Family of 5 spent more than 100 hours in rubble of Turkey’s earthquake. They emerged alive

Family of 5 spent more than 100 hours in rubble of Turkey’s earthquake. They emerged alive

Ibrahim Zakaria lost track of time drifting in and out of consciousness while trapped for nearly five days in the rubble of his home, following the massive earthquake that struck Turkey and Syria this week.

The 23-year-old cellphone shop worker from the Syrian town of Jableh survived on dirty drips of water and eventually lost hope that he’d be saved.

“I said I am dead and it will be impossible for me to live again,” Zakaria, who was rescued Friday night, told The Associated Press on Saturday from his bed at a hospital in the coastal city of Latakia where his 60-year-old mother, Duha Nurallah, was also recovering.

Five days after two powerful earthquakes just hours apart caused thousands of buildings to collapse, killing more than 28,000 people and leaving millions homeless, rescuers were still pulling unlikely survivors from the ruins.

Although each rescue elicited hugs and shouts of Allahu akbar!— “God is great!” — from the weary men and women working tirelessly in the freezing temperatures to save lives, they were the exception in a region blanketed by grief, desperation and mounting frustration.

Families emerge alive

More than a dozen survivors were rescued Saturday, including a 7-month-old boy in Antakya and a family in Kahramanmaras, the Turkish city closest to the epicentre of Monday’s quake. Crews there helped 12-year-old Nehir Naz Narli to safety before going back for her parents.

A person holds a photo as rescuers search for survivors amid destroyed buildings in Nurdagi, Turkey, in the hard hit region of Gaziantep, on Saturday, five days after a 7.8 magnitude earthquake struck the border region of Turkey and Syria. (Zein al Rifai/AFP/Getty Images)

In Gaziantep province, which borders Syria, a family of five was rescued from a demolished building in the city of Nurdagi and a man and his 3-year-old daughter were pulled from debris in the town of Islahiye, television network HaberTurk reported. A 7-year-old girl was also rescued in Hatay province.

In Elbistan, a district in Kahramanmaras province, 20-year-old Melisa Ulku and another person were saved from the rubble 132 hours after the quake struck. Before she was brought to safety, police asked onlookers not to cheer or clap so as not to interfere with nearby rescue efforts.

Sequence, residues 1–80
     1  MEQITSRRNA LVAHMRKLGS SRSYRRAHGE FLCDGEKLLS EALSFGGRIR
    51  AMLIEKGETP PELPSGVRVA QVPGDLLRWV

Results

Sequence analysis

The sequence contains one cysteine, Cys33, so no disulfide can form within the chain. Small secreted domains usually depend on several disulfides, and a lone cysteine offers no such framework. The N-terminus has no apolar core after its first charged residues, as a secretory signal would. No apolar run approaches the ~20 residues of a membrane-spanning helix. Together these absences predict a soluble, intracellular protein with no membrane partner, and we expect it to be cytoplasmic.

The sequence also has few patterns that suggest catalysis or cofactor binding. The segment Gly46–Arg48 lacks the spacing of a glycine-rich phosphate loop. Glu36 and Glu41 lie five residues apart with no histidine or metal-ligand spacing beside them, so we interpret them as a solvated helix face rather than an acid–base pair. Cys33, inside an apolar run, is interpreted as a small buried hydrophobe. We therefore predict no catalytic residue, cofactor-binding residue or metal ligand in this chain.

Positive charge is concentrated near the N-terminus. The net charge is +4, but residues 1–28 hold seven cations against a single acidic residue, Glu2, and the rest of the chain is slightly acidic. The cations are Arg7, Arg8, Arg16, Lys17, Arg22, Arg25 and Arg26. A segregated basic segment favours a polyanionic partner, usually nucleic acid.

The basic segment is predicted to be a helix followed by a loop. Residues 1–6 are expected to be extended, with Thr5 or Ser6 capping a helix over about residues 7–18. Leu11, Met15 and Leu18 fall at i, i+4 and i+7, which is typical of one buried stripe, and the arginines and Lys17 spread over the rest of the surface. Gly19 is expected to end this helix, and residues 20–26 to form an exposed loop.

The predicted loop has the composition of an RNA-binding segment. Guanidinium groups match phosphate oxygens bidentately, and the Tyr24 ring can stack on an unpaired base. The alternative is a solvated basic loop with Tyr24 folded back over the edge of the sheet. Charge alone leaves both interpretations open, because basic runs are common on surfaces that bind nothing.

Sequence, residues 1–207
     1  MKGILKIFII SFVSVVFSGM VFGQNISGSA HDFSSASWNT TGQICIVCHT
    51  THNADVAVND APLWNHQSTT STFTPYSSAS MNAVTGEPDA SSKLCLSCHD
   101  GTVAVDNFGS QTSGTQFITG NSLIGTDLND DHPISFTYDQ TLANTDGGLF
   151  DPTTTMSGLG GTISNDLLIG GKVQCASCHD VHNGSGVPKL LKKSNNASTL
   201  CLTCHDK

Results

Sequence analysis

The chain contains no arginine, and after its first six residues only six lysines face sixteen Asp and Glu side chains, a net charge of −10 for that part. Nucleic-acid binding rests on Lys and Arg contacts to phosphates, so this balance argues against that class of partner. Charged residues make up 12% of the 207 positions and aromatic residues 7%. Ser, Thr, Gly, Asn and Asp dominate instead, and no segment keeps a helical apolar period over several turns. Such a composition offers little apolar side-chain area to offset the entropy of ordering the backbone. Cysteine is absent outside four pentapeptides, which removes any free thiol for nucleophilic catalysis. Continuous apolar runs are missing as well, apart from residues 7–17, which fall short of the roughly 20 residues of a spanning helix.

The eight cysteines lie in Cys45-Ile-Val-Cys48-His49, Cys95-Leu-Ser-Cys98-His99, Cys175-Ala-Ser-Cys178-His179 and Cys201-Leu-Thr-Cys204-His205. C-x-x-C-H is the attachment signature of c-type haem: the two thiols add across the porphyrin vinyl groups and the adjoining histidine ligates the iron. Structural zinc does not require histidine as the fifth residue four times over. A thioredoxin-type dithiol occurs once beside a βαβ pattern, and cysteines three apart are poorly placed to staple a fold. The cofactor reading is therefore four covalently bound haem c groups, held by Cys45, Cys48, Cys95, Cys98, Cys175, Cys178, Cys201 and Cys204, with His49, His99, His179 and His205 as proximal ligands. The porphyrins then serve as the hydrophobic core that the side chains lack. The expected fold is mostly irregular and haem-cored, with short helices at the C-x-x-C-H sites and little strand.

Turkish TV station NTV reported that a 44-year-old man in Iskenderun, in Hatay province, was rescued 138 hours into his ordeal. Crying rescuers called it a miracle, with one saying that they weren’t expecting to find anyone alive but as they were digging, they saw his eyes and he said his name. In the same province, NTV also reported that a baby boy named Hamza was found alive in Antakya 140 hours after the quake. Some details of his rescue, including how he survived so long, weren’t immediately clear.

WATCH | CBC News crew captures dramatic rescue live:

On the front line of a deadly earthquake | The Breakdown

The CBC’s Briar Stewart and Chris Brown take us to the front lines of the rescue efforts in Turkey to talk about the next steps in the mission and what support could come from Canada.

Not every attempt ended happily. Zeynep Kahraman, who was brought out of the rubble after a spectacular rescue that took 50 hours, died at the hospital overnight. The ISAR German team who rescued her were shocked and saddened.

The rescues came amid growing frustration over the Turkish government’s response to the earthquake, which has killed 24,617 people and injured at least 80,000 people in Turkey alone.

Members of a rescue team work at the site of a collapsed building in Hatay, Turkey, on Saturday, as the search for survivors from Monday’s earthquake in Turkey and Syria continues. (Kemal Aslan/Reuters)

Turkish President Recep Tayyip Erdogan acknowledged earlier in the week that the initial response was hampered by the extensive damage to roads and other infrastructure that made it difficult to reach some points. He also said the worst-affected area was 500 kilometres in diameter and was home to 13.5 million people in Turkey alone.

That has meant rescue crews have had to pick and choose how and where to help.

During a tour of quake-damaged cities Saturday, Erdogan said a disaster of this scope was rare and again referred to it as the “disaster of the century.”

But the challenges facing aid efforts were of little comfort to those waiting for help.

Scouring for survivors